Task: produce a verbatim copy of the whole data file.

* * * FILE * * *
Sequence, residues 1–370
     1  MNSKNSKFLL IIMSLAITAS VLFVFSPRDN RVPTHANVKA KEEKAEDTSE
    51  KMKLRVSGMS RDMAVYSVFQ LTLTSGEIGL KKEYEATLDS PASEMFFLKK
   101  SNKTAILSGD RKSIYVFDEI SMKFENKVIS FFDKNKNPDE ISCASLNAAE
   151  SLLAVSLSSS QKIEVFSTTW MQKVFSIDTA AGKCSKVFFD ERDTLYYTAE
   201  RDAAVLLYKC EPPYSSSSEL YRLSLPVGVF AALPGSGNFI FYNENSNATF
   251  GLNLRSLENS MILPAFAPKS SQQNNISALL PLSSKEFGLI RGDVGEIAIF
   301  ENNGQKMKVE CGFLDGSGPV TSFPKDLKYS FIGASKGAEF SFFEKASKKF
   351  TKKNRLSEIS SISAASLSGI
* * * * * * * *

Sequence, residues 1–370
     1  MNSKNSKFLL IIMSLAITAS VLFVFSPRDN RVPTHANVKA KEEKAEDTSE
    51  KMKLRVSGMS RDMAVYSVFQ LTLTSGEIGL KKEYEATLDS PASEMFFLKK
   101  SNKTAILSGD RKSIYVFDEI SMKFENKVIS FFDKNKNPDE ISCASLNAAE
   151  SLLAVSLSSS QKIEVFSTTW MQKVFSIDTA AGKCSKVFFD ERDTLYYTAE
   201  RDAAVLLYKC EPPYSSSSEL YRLSLPVGVF AALPGSGNFI FYNENSNATF
   251  GLNLRSLENS MILPAFAPKS SQQNNISALL PLSSKEFGLI RGDVGEIAIF
   301  ENNGQKMKVE CGFLDGSGPV TSFPKDLKYS FIGASKGAEF SFFEKASKKF
   351  TKKNRLSEIS SISAASLSGI